flexible mono-crystalline silicon photovoltaic, wind energy harvesting, microbial fuel cells, LAGI 2018, St Kilda Triangle, City of Port Phillip, Melbourne, Australia, renewable energy, clean energy, green design, urban design, LAGI 2018
Light Up
Artist Team: Martin Heide, Dean Boothroyd, Emily Von Moger, David Allouf, Takasumi Inoue, Liam Oxlade, Michael Strack, Richard Le; Mike Rainbow, Jan Talacko; John Bahoric; Bryan Chung, Chea Yuen Yeow Chong, Anna Lee, Amelie Noren
Energy Technologies: flexible mono-crystalline silicon photovoltaic, wind energy harvesting, microbial fuel cells
Annual Capacity: 2,220 MWh
A submission to the 2018 Land Art Generator design competition for Melbourne

A team led by Melbourne’s NH Architecture has designed a swooping canopy for St Kilda Triangle that incorporates 8,600 ultra-efficient flexible photovoltaic panels.

Both a power plant and a work of art, Light Up creates a light-filtered surface over Jacka Boulevard while also forging a new connection between the upper Esplanade and the beach down on Port Phillip Bay.

“It was an urban design strategy first,” says NH Architecture principal Dean Boothroyd, which took into consideration an ongoing process to develop the site without compromising its legacy as a cultural catalyst and incubator. This process has been underway since 2004, when the City of Port Phillip adopted the St Kilda Foreshore Urban Design Framework; in 2014, a masterplan (called the purple document) was created following an extensive co-design process.

With all of this in mind, project leader Martin Heide says their team—which includes NH Architecture, Ark Resources, John Bahoric Design, and RMIT Architecture students—focused on conceiving a design that could be built with a high return on investment. So they specified tested components that are already on the market.

flexible mono-crystalline silicon photovoltaic, wind energy harvesting, microbial fuel cells, LAGI 2018, St Kilda Triangle, City of Port Phillip, Melbourne, Australia, renewable energy, clean energy, green design, urban design, LAGI 2018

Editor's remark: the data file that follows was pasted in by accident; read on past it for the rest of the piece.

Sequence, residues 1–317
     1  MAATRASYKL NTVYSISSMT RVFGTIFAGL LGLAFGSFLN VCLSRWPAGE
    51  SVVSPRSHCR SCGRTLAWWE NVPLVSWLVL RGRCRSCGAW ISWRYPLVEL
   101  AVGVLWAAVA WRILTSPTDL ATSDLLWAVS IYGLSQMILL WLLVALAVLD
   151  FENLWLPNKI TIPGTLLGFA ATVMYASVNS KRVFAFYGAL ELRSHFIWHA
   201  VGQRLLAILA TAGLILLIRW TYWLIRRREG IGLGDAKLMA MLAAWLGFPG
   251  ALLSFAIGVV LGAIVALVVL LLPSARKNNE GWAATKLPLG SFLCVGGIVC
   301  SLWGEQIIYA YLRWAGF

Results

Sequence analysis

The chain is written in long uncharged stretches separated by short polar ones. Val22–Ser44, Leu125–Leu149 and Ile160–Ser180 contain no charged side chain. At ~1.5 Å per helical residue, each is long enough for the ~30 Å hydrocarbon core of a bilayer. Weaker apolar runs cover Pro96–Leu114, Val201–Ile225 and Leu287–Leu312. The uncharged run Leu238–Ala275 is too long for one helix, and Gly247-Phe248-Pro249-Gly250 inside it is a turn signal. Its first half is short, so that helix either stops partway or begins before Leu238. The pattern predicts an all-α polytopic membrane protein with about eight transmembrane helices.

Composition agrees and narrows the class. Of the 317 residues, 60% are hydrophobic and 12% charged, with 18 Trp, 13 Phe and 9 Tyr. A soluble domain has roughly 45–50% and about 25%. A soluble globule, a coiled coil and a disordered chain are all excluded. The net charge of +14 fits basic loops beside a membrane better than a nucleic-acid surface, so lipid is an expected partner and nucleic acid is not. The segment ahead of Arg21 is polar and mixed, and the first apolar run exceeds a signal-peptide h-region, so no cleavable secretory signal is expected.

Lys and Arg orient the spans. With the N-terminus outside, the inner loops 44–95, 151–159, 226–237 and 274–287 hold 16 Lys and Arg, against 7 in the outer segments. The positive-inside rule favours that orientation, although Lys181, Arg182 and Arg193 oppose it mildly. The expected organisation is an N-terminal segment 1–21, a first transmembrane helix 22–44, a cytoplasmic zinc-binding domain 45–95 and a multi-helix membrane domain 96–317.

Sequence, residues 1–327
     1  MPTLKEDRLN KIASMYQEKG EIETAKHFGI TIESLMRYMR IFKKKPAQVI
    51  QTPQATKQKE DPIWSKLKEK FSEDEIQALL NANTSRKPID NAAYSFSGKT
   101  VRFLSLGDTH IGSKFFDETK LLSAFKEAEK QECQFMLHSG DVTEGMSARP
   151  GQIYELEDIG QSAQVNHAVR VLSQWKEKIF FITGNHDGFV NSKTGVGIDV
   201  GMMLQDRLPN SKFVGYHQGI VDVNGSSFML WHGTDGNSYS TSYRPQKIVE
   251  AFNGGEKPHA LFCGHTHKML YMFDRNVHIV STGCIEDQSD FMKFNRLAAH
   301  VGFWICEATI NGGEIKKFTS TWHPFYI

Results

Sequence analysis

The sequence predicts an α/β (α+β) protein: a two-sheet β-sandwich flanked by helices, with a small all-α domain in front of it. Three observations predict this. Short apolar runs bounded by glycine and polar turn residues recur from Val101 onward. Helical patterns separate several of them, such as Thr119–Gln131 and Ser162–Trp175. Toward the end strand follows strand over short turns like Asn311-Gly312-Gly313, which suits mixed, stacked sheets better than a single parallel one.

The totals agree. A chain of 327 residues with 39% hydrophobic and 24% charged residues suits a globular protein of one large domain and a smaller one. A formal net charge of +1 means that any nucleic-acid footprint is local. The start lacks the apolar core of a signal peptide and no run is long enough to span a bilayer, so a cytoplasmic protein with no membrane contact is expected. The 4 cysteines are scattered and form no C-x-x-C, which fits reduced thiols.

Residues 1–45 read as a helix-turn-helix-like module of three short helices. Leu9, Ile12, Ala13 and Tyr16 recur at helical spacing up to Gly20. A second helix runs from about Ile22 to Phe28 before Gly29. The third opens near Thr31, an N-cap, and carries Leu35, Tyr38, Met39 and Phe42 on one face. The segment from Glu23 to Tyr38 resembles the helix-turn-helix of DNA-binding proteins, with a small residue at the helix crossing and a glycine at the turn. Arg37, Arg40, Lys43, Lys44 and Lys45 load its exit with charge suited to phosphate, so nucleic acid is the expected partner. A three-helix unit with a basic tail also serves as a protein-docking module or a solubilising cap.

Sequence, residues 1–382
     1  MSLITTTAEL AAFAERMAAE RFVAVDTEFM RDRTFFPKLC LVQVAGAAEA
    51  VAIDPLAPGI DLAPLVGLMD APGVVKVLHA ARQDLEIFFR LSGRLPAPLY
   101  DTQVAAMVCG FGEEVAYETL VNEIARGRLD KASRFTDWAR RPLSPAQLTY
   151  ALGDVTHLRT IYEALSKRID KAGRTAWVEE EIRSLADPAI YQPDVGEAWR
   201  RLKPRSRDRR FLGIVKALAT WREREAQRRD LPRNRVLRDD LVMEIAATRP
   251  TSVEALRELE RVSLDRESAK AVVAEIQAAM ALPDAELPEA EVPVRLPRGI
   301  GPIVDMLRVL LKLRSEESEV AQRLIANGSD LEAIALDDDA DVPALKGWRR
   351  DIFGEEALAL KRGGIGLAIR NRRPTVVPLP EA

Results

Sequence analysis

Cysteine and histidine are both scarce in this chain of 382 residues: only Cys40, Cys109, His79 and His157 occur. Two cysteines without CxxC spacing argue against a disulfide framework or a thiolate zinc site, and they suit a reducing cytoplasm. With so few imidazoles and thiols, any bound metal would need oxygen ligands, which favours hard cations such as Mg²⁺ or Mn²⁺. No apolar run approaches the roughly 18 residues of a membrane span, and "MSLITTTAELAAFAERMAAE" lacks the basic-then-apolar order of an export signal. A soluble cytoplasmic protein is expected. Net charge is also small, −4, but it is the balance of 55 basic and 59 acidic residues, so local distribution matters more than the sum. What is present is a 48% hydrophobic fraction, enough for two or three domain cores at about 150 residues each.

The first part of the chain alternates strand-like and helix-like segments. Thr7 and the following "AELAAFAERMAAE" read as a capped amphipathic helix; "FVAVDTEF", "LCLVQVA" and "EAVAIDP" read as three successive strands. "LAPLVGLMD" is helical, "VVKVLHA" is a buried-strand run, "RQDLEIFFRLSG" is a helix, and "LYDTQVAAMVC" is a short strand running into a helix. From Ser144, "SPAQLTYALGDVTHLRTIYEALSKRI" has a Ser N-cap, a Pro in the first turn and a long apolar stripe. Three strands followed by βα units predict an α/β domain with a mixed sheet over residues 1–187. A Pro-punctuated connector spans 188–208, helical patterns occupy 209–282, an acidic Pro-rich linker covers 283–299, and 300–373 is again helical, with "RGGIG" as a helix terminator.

Light Up
Artist Team: Martin Heide, Dean Boothroyd, Emily Von Moger, David Allouf, Takasumi Inoue, Liam Oxlade, Michael Strack, Richard Le; Mike Rainbow, Jan Talacko; John Bahoric; Bryan Chung, Chea Yuen Yeow Chong, Anna Lee, Amelie Noren
Energy Technologies: flexible mono-crystalline silicon photovoltaic, wind energy harvesting, microbial fuel cells
Annual Capacity: 2,220 MWh
A submission to the 2018 Land Art Generator design competition for Melbourne

“We all know that solar energy at the moment is the most buildable one and the most feasible [renewable energy technology].”

The mono-crystalline silicon photovoltaic modules are attached to a lightweight tensile structure achieved with a series of Vierendeel trusses connecting to proposed bridges and cross-tension cables. Together, they provide about 70 percent of the overall energy. This is buttressed with a nominal amount of energy harvested when wind blows across the swaying canopy, and from the roots of plants using microbial fuel cells.

All of these technologies have less than a quarter of the embodied environmental impact of their conventional alternative forms, according to ARK Resources. This includes their embodied energy and water, as well as the waste and toxicity associated with their manufacture.

And since energy storage is always an issue when it comes to renewables, the team proposes to use lithium-ion cells sourced from retired electric vehicle batteries. Not only does this mitigate using more natural resources, but also extends the life of batteries that are no longer useful for cars. NH Architecture says they will embed 107,000 used EV battery cells (from 50 fully electric cars) within the handrails of the bridge structures.

flexible mono-crystalline silicon photovoltaic, wind energy harvesting, microbial fuel cells, LAGI 2018, St Kilda Triangle, City of Port Phillip, Melbourne, Australia, renewable energy, clean energy, green design, urban design, LAGI 2018
Light Up